There are also important environmental influences on both HRL and ASB in children, the latter depending to some extent on its definition and method of assessment (see Rhee & Waldman, 2002). Heritability estimates for HRL are far from unity, ranging from .36 to .64 (Rice et al., 2002; Snieder et al., 2003), despite being generally reliable in measurement over repeated occasions. Thus, it is entirely possible for the HRL–ASB relationship to be mediated entirely by environmental (i.e., nongenetic) factors that underlie low heart rate and behavior problems in children. Both genetic and environmental factors could conceivably contribute to the HRL–ASB relationship and a genetically informative design, such as a twin study, is required to investigate the extent to which these influences may each play a role.
Neurophysiological markers for ASB have also been considered to be of potential importance in various subgroups of antisocial individuals, depending on the developmental trajectories of ASB. It has been proposed, for example, that biological and cognitive deficits may be of greater importance in life-course persistent offenders compared to those individuals who show transient periods of ASB, such as during adolescence (Moffitt, 1993; Raine et al., 2005). Although low resting heart rate appears to predict ASB to the same degree at different ages (Ortiz & Raine, 2004), no study to date has investigated how developmental trajectories (i.e., intraindividual changes in ASB over time) may be related to HRL, particularly in a genetically informative design.
This paper investigates the phenotypic relationship of HRL and ASB during childhood and adolescence, and aims to understand the underlying genetic and environmental mediation of this relationship from age 9 to 14 years. Based on data from an ongoing longitudinal twin study of childhood behavior problems, we studied the HRL–ASB relationship for a set of measures that included aggression, delinquency, and psychopathic personality traits in boys and girls assessed at two time points between the ages of 9 and 14. Age variation within each wave of assessment (age 9–10 during Wave 1 assessment; age 11–14 during Wave 2 assessment) provided a powerful design for examining both initial levels and change in ASB during childhood and early adolescence using latent growth models (McArdle, 2006). We thus examined the biometrical structure of ASB over time, and how HRL may explain both phenotypic aspects of ASB and also its underlying genetic and environmental components of variance. Specifically, we address the following questions: (a) to what extent does HRL predict both levels of ASB during childhood and adolescence, and its change (and stability) over time? (b) To what extent can HRL be used to “explain” the genetic variance in ASB, both within and across ages? In other words, we investigate the genetic and environmental underpinnings of the relationship of HRL to both levels of ASB at a given age, as well as individual differences in change in ASB across time. This study particularly illustrates the utility of biometrical growth models in longitudinal twin studies for understanding physiology–behavior relationships and how these may influence pathways toward deviant behavior and psychopathology.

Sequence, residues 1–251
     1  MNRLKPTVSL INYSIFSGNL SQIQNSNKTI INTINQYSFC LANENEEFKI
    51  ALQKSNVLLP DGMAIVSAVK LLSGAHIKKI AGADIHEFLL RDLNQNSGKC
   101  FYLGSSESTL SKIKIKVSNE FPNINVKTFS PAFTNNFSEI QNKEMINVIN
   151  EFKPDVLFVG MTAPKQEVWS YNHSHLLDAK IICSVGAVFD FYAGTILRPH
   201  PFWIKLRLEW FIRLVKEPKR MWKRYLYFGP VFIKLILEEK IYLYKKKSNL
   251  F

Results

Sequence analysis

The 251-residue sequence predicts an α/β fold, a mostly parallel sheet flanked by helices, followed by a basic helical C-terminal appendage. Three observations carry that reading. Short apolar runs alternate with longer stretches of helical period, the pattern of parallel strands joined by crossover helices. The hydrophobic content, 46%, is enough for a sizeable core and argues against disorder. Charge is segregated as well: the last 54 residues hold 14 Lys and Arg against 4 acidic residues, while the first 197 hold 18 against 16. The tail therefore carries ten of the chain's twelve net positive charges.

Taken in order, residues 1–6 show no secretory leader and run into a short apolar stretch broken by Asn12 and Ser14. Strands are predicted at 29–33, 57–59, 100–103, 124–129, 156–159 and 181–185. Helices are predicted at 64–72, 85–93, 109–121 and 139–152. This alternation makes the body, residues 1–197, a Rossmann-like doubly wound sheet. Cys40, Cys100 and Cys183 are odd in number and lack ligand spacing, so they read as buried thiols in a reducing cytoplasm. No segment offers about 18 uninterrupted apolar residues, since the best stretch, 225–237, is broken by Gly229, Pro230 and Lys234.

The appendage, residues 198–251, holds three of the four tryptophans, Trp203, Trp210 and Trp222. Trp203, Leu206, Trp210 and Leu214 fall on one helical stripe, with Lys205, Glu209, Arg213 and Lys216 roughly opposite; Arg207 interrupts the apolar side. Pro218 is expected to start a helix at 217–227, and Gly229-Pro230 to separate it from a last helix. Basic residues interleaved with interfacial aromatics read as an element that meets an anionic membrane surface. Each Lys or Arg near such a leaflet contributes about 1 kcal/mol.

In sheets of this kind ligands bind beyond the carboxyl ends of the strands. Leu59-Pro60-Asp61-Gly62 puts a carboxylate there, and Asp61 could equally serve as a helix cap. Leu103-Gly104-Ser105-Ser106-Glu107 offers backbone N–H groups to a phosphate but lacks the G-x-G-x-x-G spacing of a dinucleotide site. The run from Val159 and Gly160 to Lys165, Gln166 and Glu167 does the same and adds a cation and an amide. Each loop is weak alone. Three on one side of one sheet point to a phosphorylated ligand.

The sample was drawn from participants in the University of Southern California Twin Study of Risk Factors for Antisocial Behavior. The Twin Study of Risk Factors for Antisocial Behavior is an ongoing prospective longitudinal study of the interplay of genetic, environmental, social, and biological factors on the development of antisocial and aggressive behavior from childhood to emerging adulthood. The twins were evaluated using an extensive protocol, including cognitive, behavioral, psychosocial, and psychophysiological measures. The twins and their parents were recruited from the Los Angeles community and the sample is representative of the ethnic and socioeconomic diversity of the greater Los Angeles area (Baker, Barton, Lozano, Raine, & Fowler, 2006; Baker, Barton, & Raine, 2002). The sample consists of 616 families (607 twin pairs and 9 sets of triplets), for a total of 1,241 children.